09
Jul
09

Mansfield Council, Pleasley Hill People’s Network and Red Tape Everywhere!

As some of you already know we have been trying to organize a string of workshops in the area. For this the council have requested that we have Public Liability insurance, and that I, as the facilitator of the workshops, must have a police background check done.

We have already applied and paid for the insurance under the name Pleasley Hill People’s Network. We had to choose a name for the purpose of the application, so for now that is the name. We can always change it as the group becomes more established.

The police check on the other hand has proven to be nothing but a string of red tape. and worst of all, I have nothing to hide! The police won’t find a damn thing! So even though I am willing to have the check done, no one will do it form me! Thanks Mansfield Council.

So today, after some encouragement from some other local people, I have written to Tony Egginton to see if we can get some action out of the council. Here is the letter that has been sent.

Dear Mr Egginton,

I am writing to you today out of frustration with the service I have received over the last two weeks while trying to find some element of the political system that can help me.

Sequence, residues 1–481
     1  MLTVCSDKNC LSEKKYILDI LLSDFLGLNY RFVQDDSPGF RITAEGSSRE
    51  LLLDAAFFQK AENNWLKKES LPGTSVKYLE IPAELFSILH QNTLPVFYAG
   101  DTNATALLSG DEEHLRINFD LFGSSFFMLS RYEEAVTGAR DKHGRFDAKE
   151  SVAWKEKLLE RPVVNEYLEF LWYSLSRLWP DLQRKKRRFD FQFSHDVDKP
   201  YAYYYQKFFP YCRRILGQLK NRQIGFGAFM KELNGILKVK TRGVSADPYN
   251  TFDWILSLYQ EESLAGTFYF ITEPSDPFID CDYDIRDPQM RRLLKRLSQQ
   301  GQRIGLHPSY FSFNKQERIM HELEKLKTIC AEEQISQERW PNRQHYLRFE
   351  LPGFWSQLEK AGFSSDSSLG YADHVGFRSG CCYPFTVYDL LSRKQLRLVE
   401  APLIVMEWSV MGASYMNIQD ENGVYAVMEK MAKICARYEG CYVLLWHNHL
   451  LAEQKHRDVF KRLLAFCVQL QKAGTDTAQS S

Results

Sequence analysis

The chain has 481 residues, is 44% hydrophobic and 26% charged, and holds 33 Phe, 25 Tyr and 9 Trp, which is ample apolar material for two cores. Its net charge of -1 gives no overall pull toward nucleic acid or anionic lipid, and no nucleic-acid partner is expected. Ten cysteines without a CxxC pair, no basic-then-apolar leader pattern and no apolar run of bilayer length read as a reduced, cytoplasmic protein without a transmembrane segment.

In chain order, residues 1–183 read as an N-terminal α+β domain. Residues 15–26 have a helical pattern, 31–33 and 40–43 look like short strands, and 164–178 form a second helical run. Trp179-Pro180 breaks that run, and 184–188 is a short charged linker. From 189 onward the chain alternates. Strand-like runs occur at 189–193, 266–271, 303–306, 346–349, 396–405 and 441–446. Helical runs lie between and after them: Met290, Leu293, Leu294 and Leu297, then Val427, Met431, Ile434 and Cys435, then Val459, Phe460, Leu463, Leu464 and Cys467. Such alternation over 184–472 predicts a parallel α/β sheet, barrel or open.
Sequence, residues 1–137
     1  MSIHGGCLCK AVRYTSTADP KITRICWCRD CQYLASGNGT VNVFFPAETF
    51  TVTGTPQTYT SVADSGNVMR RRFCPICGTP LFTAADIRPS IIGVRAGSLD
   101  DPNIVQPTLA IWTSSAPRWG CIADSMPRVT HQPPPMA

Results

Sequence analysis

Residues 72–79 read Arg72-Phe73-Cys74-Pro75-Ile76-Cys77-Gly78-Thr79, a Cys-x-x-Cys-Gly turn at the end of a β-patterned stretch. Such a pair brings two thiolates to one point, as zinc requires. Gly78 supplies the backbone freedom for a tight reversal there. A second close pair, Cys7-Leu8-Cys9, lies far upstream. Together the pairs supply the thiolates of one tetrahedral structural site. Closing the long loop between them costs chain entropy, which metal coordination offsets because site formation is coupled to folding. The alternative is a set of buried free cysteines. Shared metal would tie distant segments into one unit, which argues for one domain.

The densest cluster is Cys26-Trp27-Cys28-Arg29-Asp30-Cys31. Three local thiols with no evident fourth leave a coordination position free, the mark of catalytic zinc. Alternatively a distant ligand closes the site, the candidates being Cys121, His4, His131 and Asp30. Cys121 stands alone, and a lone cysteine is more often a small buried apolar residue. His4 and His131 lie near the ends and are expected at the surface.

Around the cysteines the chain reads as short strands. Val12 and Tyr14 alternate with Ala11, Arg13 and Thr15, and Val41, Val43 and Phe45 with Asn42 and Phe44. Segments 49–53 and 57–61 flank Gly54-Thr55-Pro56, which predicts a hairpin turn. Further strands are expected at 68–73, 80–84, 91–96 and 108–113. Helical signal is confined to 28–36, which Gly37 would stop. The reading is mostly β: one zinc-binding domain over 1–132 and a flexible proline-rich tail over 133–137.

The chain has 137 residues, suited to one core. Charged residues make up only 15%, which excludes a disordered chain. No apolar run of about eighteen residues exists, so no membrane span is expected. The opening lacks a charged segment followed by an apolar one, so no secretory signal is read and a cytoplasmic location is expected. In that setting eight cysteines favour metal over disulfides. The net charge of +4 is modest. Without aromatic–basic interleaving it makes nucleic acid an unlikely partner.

I am a resident of Pleasley Hill, and as I am sure you are aware, the area is not known for it’s community. It is generally regarded as an impoverished, deprived area where crime is high, and “people don’t care”.  Regardless of whether this reputation is deserved, some local people and I would like to change it.

Over the past month or so we have been working very hard to begin forming some sort of community group in the area. We are actively seeking the participation of all members of the community, particularly those we feel some people see as “the problem”.  We have many ideas, and a lot of enthusiasm, but we do lack political experience and finances.

I recently contacted Paul Wilkinson regarding the use of Hillmoor Street Community Centre, and was extremely pleased to hear that we would be able to use the Centre as a venue for workshops we would like to hold for local people. Paul informed me that in order for us to use the venue, we would need Public Liability insurance, and as the workshop facilitator, I would have to have a police background check as children may attend the workshops.